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Five Easy ETF Trading Tips

Stoyan Bojinov: The growth of the ETF universe has spawned a number of ways to tap into a variety of asset classes that were previously out-of-reach for mainstream investors. Thanks to the numerous (and growing) number of advantages that ETFs offer over traditional mutual funds, it’s no wonder that the exchange-traded product structure has become the preferred vehicle for many traders; ETFs are useful in implementing any number of investment strategies, ranging from short-term trades to building retirement portfolios [see also Free Report: How  To Pick The Right ETF Every Time].

Nonetheless, these innovative financial instruments are far from foolproof and there are more than a handful of opportunities to make mistakes when trading ETFs. Below we outline five simple, but often times overlooked, tips to consider before executing your next ETF trade:

1. The Trend Is Your Friend


You have probably run across this expression in a financial news article before and you have certainly heard it more than once if you talk to any technical traders. What exactly does it mean? A trend is simply the prevailing price momentum for a given security. In other words, this is the general direction of where an ETF is headed. The trend being your friend simply means that you are better off sticking with the prevailing direction of the ongoing trend (whether it is up, down, or sideways), rather than going against it [see also Five Important ETF Lessons In Pictures].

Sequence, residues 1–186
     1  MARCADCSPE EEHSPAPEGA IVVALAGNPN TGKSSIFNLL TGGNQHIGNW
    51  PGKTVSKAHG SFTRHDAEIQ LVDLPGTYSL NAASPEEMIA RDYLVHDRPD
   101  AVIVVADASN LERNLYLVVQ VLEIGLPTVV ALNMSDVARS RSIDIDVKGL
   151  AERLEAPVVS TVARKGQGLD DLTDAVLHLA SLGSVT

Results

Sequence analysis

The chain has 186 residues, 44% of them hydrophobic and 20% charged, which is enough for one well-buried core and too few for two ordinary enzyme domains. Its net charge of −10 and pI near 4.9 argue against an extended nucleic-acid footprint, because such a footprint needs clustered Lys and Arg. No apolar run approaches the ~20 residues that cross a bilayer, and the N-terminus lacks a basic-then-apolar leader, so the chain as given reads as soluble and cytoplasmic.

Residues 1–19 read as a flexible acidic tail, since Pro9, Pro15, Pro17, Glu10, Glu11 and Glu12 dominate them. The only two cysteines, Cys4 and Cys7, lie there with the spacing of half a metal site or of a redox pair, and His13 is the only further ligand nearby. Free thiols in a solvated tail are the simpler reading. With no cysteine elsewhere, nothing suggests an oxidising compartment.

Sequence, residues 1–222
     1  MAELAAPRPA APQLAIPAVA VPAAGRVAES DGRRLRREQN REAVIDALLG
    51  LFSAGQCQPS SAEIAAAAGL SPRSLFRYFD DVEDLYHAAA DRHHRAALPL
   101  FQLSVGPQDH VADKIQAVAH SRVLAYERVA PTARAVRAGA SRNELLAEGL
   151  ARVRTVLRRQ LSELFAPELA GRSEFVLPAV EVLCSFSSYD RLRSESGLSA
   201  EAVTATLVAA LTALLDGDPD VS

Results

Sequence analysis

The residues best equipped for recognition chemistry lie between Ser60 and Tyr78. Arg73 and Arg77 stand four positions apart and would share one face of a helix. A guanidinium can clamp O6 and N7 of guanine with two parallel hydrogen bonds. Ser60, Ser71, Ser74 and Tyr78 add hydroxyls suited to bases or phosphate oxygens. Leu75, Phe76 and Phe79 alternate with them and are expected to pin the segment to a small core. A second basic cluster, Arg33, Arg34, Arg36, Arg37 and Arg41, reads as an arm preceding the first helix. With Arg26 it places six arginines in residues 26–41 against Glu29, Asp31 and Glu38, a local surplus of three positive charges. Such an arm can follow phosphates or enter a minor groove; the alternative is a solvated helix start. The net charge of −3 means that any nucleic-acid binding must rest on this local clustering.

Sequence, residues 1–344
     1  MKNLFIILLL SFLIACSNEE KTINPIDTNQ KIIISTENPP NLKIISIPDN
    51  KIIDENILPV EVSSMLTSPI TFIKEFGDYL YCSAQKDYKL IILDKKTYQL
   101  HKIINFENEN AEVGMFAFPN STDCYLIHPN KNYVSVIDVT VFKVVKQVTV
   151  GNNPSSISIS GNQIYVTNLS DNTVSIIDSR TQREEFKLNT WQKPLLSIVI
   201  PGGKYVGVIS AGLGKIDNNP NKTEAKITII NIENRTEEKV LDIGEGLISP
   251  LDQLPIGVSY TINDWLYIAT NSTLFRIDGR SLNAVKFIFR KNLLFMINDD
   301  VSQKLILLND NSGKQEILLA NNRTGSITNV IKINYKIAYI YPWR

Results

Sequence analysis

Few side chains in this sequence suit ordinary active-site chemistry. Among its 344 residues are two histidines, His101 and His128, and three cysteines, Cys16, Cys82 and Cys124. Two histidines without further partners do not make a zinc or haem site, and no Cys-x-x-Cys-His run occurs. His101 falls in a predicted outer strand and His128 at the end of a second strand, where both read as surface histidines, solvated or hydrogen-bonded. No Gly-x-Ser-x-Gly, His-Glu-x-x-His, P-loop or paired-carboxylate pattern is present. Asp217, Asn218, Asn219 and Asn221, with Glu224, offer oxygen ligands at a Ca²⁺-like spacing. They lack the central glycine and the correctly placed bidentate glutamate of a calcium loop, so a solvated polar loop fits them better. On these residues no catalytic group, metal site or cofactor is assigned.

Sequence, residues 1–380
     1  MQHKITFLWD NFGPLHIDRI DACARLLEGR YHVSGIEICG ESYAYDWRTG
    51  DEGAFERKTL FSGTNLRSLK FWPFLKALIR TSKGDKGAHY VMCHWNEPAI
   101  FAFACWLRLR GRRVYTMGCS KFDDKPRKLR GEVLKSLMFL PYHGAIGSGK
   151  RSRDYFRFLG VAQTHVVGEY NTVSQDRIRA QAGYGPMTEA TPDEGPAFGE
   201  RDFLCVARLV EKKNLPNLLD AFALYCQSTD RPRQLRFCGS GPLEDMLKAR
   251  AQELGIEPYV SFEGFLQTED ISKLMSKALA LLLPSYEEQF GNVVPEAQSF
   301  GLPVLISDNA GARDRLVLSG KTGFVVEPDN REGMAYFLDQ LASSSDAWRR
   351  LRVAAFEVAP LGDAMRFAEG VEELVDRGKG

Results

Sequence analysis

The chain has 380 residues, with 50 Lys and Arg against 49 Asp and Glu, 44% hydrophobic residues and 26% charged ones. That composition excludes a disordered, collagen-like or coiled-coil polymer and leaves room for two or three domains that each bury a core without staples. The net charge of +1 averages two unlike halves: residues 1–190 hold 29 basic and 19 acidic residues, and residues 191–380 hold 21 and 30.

For example, during a bull market it is recommended to look for opportunities to establish long position, instead of speculating where the so-called “top” is. Likewise, when markets are uncertain and headed downhill, it makes more sense to look for an opportunity to establish a short position or simply stay out of the market rather than try and fight the downtrend.

2. Trade For Free (When You Can)

Aside from the structural cost-efficiencies associated with ETFs, a growing number of products are available for commission-free trading on the most popular brokerage platforms. If you are an active trader, expense ratios are not your biggest concern given your relatively short investment horizon. As such, it pays to shop around before buying into a position. By opting for a commission-free ETF, you can truly maximize your profits by nixing the transaction costs associated with your trades all together [see also How ETF Investors Can Save $415 Million].

There are several hundred commission free ETFs available to respective account holders of the brokerage platforms listed below:

3. Be Mindful When You Trade

This trading tip is perhaps one of the simplest and most commonly overlooked among novice ETF traders. The advice here is simple: be careful when you buy or sell an ETF during the first and last half hour of trading. Why? Because stocks and ETFs alike tend to see relatively higher trading volumes in the beginning and end of the trading session and not as much action mid-day [see also Five Questions To Ask When Buying An ETF].